Published On: Mon, May 21st, 2018

A home in Piemonte

Maria Cristina Oggero, an expert in property in the Monferrato area of Piemonte (Piedmont), explains why investing in this region is a great choice

This amazing part of the Piemonte region is unfortunately much less well known than the nearby area around Alba. Although the two locations are pretty similar for the landscapes and the kinds of properties you’ll find, the Alba area is far more heavily marketed for the tourism industry.

Summer landscape with vineyards in Monferrato (Piedmont, Italy)

Vineyards in Monferrato

This actually represents something of an advantage for Monferrato, since the area has remained pretty authentic, and the communities of locals are vibrant and mostly composed of young families and young couples, living and working locally.

Day-to-day facilities and amenities (such as transport links and school systems etc) are generally well organised. All the villages (even those that are most remote from the capital town, Asti) have many amenities, shops, bars, and a multitude of restaurants catering to any taste, from casual, inexpensive dining right up to award-winning foodie paradises.

From a real estate point of view, the local property market has always been tied to the local economic situation. In Monferrato there is no difference for local versus foreign buyers: they can all find the same prices and the same opportunities. So there are no overpriced properties marketed for rich foreigners, with cheap ones aimed at locals, as unfortunately has become a feature of the property market in other parts of Italy.

Bouquets of garlic and hot chilli peppers at a market in Piedmont

It is a great time to purchase a property here; not only are we experiencing a time during which the prices are appealing, and a great selection of properties is still on the market (though the crisis here is over, and things may change soon!), but also as a buyer here you are sure to become part of the community – you can enjoy the real Italian lifestyle (not the fake one you find sometimes represented as ‘la dolce vita’ or ‘dolce far niente’ – the Italians’ daily working schedule is rarely shorter than 9-10 hours a day!).

The market offers a wide range of opportunities: including properties to refurbish in the €60,000-€90,000 price range (keeping in mind that an average cost to renovate is commonly thought to work out at around €1,000 per sqm). Renovated properties start from €130,000 (sometimes good bargains can be found in semi-detached properties, even if some buyers worry about being too close to the neighbours). Expect to pay up to €400,000 or more for high-spec restored properties with a pool (an average pool starts from around €25,000, going up to €45,000 or €50,000 for a fashionable infinity pool).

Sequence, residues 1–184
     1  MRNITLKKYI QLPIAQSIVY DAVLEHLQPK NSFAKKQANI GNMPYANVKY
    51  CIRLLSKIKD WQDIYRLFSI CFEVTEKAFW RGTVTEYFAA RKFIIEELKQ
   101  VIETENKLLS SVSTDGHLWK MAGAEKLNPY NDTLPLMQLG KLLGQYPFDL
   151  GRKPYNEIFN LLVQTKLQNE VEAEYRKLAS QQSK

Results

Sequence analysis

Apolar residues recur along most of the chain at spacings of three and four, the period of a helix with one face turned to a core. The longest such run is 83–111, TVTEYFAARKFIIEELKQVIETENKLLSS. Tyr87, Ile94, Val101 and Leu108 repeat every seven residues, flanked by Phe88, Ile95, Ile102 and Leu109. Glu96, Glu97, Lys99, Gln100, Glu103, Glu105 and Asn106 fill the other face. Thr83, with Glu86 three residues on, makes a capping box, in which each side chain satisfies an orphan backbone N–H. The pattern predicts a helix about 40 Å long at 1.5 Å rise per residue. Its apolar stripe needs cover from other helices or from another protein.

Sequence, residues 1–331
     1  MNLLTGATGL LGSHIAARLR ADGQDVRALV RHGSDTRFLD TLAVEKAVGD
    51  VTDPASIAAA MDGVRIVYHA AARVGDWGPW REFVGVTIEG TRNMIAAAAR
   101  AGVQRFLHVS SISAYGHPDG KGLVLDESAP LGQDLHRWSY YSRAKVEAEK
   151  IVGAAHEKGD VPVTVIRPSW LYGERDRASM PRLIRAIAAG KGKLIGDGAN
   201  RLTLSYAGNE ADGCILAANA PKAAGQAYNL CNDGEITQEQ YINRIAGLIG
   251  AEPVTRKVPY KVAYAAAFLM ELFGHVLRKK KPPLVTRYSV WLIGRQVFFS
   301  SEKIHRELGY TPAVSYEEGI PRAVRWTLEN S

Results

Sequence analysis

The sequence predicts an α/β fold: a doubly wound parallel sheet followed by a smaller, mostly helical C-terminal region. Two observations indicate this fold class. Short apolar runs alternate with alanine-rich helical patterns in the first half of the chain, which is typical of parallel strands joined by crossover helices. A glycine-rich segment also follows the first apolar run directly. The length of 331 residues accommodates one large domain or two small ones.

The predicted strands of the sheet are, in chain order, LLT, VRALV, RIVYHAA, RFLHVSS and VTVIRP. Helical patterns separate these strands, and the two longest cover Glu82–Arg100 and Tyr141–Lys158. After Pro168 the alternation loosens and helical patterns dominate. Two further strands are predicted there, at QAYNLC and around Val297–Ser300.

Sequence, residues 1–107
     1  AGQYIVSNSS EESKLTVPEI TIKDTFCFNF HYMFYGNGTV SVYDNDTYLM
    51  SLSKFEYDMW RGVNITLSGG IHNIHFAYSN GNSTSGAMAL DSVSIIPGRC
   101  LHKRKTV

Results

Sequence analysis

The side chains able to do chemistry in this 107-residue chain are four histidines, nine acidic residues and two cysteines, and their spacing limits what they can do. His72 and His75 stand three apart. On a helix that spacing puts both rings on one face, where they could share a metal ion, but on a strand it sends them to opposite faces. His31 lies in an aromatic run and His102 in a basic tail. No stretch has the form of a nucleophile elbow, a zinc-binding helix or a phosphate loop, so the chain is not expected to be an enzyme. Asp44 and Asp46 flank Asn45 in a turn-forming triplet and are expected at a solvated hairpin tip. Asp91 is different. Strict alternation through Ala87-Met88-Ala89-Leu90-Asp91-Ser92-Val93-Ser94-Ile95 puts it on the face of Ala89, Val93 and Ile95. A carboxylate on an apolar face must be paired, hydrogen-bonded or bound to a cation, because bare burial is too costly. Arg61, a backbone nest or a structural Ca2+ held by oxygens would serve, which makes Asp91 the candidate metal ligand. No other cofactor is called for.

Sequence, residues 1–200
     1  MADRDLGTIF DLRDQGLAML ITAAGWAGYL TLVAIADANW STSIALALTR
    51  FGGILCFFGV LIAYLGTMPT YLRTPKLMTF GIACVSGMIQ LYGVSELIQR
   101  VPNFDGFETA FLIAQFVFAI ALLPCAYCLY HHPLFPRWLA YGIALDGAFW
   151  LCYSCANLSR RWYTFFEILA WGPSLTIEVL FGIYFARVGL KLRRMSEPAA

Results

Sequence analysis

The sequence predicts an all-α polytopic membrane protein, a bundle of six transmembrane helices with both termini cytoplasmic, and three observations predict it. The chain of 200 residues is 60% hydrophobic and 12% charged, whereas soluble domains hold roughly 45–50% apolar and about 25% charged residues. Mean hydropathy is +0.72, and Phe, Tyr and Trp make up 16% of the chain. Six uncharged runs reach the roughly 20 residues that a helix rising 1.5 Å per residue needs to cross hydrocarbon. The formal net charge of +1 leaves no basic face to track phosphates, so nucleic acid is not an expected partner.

Prices may be negotiable in many cases. In the past two years the prices have remained stable, and during negotiation vendors have tended to show a more open attitude to considering reasonable price reductions. Now the area’s prices are still interesting as there are still a good deal of properties on the market and thus the supply outstrips the demand (just to explain why so many properties: the Italians have always considered owning properties, even if vacant, a form of saving. Due to the past financial crisis many of these properties were put on the market to get some liquidity). Now many of these properties have sold, or the homeowners may decide not to sell anymore, so the amount of listings is likely to reduce in the near future, and prices are consequently expected to increase in the coming years.

Piemonte vineyards

The most expensive areas of Piemonte are Alba and surrounding villages, while larger villages nearer to Asti (Nizza Monferrato and Costigliole d’Asti) can still seem a bit pricy, depending on location and conditions. Here you can find a well-restored country house starting from €300,000. Good bargains are possible in smaller villages, especially for properties renovated in the 80s and 90s, in good shape and with lot of potential. For such properties, prices start from €150,000, and the average cost for upgrading is low, since sometimes only modernisation and restyling are needed. Interesting bargains can also be had in the Monferrato area north of Asti, which is popular among Milanese families looking for second homes (Milan is less than an hour’s drive from here) and is pretty unknown to foreigners. Here there is a wide choice of properties, from unrestored ones to top end country homes, you will find what you are looking for remaining in your budget.

Do visit Piemonte and explore the whole region – not just the more touristy routes or famous villages. By doing so, you will give yourself a greater chance of finding the right property at the right price, and sometimes you may even end up feeling that you have discovered a place in which you will be the first one ‘from abroad’.

For more information, visit Verde Abitare

 

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